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Edition No. 133 — August 12, 2020 
Saint Joseph Villa
ZOOM: A Move Toward Restorative Justice
by Julie Gabell, SSJ Associate
Death has never been a pretty topic. But to speak of the death penalty has sparked an emotional dark side for many generations. The death penalty in America dates back to the pilgrims who first recorded the execution of Captain George Kendall at Jamestown in 1608. Subsequent times saw individual states employing execution methods such as the firing squad, hanging, the gas chamber, electrocution and lethal injection.
This week Villa Zoomers bravely broached the topic of capital punishment as meted out by our criminal justice system. Not an easy discussion.

Catholic social teaching calls us to uphold a consistent ethic of life, regardless of a person’s innocence or guilt. It teaches us to live as a community of justice and mercy. Capital Punishment, on the other hand, flies directly in the face of this teaching. When serious crime hits close to home, our feelings can be turned inside out and upside down. It is then that an abiding Faith must take center stage to reinforce the belief that we are all one family rooted in a common need for forgiveness and support
Our discussion took palpable form when Sister Leonissa O’Brien SSJ shared with Zoomers the traumatic murder of her brother twenty-seven years ago. Despite the time lapse, her pain was raw. This made her opposition to the death penalty far more poignant, for it underscored the suffering one grapples with to find forgiveness in the midst of heart-breaking pain. Today Sister is a firm advocate for Restorative Justice. She believes that the harm done by a crime is better repaired when the needs of victims, offenders, and community are attended to.

This week Villa Zoomers left the discussion with a better understanding of how the death penalty disrupts the fabric of our society. It 1) disregards the dignity of the person, 2) disproportionately affects the poor and disadvantaged, 3) offers the false promise of healing to a victim’s family, and 4) sacrifices the common good to feed a sense of vengeance and retribution.

All reasons to heed the gospel call to a compassionate sense of societal justice in our own lives and throughout the world!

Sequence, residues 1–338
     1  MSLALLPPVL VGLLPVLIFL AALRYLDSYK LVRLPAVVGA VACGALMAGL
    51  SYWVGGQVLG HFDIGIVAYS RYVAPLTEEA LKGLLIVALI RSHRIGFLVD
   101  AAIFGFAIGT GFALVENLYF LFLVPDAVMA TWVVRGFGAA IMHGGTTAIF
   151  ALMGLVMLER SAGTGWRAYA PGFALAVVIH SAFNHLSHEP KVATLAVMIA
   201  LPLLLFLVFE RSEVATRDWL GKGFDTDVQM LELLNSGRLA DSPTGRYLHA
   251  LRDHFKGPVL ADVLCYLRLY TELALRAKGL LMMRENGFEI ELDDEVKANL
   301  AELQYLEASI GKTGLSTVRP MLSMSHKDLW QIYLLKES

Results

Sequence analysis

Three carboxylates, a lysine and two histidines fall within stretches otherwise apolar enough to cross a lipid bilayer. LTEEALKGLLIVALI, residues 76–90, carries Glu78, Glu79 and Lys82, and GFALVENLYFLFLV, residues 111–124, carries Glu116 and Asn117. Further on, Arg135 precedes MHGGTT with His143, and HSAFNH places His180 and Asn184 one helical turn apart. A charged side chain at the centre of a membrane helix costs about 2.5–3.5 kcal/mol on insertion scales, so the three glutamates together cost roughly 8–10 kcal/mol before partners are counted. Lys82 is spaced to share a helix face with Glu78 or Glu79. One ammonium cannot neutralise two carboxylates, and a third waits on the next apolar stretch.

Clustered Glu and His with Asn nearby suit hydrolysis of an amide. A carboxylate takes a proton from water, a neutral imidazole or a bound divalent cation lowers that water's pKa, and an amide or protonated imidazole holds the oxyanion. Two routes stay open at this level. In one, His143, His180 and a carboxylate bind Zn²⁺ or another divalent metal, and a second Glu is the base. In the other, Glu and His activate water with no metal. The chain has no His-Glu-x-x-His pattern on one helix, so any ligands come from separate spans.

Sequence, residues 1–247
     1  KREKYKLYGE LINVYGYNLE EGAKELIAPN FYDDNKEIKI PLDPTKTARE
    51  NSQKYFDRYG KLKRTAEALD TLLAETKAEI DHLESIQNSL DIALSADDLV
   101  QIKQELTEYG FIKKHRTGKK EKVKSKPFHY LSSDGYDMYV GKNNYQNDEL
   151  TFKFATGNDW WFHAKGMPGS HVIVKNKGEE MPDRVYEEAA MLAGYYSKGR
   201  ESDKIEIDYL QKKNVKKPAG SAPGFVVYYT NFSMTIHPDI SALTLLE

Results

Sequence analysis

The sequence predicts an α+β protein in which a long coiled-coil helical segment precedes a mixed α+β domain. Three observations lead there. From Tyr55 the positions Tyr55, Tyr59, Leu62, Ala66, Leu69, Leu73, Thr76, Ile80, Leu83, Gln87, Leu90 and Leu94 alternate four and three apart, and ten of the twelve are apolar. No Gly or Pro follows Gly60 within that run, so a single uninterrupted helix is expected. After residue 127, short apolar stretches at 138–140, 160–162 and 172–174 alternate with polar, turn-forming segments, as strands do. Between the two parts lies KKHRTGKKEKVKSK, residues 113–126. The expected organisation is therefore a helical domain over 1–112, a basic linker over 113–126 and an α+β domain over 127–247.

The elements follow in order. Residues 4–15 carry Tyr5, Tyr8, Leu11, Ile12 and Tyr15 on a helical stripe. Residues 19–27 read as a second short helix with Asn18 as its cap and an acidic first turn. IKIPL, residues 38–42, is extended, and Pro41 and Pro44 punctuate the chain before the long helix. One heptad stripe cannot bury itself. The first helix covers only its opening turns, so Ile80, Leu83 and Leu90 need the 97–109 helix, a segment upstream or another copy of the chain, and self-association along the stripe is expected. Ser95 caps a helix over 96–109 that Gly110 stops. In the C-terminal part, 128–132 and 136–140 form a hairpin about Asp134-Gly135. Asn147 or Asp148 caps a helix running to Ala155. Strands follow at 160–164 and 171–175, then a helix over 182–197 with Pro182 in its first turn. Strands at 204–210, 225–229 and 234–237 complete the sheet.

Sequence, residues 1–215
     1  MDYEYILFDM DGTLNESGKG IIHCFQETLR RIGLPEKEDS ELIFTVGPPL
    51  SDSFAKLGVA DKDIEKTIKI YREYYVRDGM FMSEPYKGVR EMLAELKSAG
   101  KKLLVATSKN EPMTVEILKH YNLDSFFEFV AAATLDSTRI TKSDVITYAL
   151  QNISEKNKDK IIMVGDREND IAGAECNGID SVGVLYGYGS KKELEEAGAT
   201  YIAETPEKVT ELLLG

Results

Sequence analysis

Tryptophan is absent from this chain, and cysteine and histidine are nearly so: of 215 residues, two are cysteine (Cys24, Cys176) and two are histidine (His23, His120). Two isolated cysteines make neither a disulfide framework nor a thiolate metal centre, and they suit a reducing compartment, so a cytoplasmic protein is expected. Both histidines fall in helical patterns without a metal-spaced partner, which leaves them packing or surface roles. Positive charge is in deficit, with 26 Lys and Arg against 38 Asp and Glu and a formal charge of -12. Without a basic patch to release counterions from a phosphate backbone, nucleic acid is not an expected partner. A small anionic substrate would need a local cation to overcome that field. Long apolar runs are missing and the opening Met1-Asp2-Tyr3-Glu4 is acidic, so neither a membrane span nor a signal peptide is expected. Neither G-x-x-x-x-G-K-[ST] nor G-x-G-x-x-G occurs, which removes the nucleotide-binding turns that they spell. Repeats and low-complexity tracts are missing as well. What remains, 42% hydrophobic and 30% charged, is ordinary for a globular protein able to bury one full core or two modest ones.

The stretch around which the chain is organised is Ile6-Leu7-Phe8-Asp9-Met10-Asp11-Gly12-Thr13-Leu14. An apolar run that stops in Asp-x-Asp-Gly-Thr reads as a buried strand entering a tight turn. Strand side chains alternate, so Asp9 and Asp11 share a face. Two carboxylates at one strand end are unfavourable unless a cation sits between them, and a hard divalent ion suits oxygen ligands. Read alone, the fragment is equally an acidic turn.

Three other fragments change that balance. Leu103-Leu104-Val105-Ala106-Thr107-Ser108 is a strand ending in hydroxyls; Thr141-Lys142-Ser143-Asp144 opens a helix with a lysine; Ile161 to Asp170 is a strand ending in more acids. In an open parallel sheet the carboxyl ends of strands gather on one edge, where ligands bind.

Sisters and Associates Share How They Are Living
and Working During the COVID-19 Pandemic
SSJ Welcome Center
August 2020
In a spirit of unity and reconciliation, the SSJ Welcome Center staff met with the police officers in the 24th district. They shared a prayer for their safety, the safety of the residents in Kensington and an end to the senseless shootings and violence in our city
Sister Kathleen McShane SSJ, Director of the Welcome Center, expresses her gratitude to the officers of the 24th district.
Pictured from left: Pat Madden SSJ, Marian Behrle SSJ and Fran Ratay SSJ
Sister Cecilia Cyford SSJ
Vacation Bible School
Sacred Heart Parish 
Glyndon, MD
Sister Cecilia is busy helping children engage in crafts, experiments, Bible Stories and music activities during their first virtual Vacation Bible School (VBS) at Sacred Heart Parish in Glyndon, Maryland! 

She is the conductor aboard the Rocky Railway Express as she and her leaders help the children to stay on track with Jesus! Aboard the Railway Express the children see how Jesus’ power gives them hope, helps them be good friends and how to be on the lookout for God Sightings in their travels! 

The children have received much “Cool Cargo” to use including Saint cards, clips, magnet forms and sticker scenes! Since the VBS is viewed from home the whole family can travel aboard the Railway Express and see many ways to all stay on track with Jesus.
Sister Cecilia is ready to conduct the Rocky Railway Express!
Sister Jude Boyce SSJ
Our Lady of Mt. Carmel School
Asbury Park, NJ
Sister Jude Boyce SSJ is the development director at Our Lady of Mt. Carmel School in Asbury Park, NJ. She was also teaching fourth grade Math until the pandemic hit. At that time the teachers conducted online classes, the afterschool enrichment classes and had in-school summer camp for 30-40 children. 

Click here to view a  video as the students reflect on the education at Mt. Carmel from March 13-July 30. 
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"With the help of God's grace and in fidelity to our founder's expressed wish, we live and work lovingly among all persons with a special preference for those who are poor, which calls us wherever we are to be in union with them."
                                       — SSJ Constitutions #21
Editor, Sister Carole Pollock SSJ | 215.248.7269 | |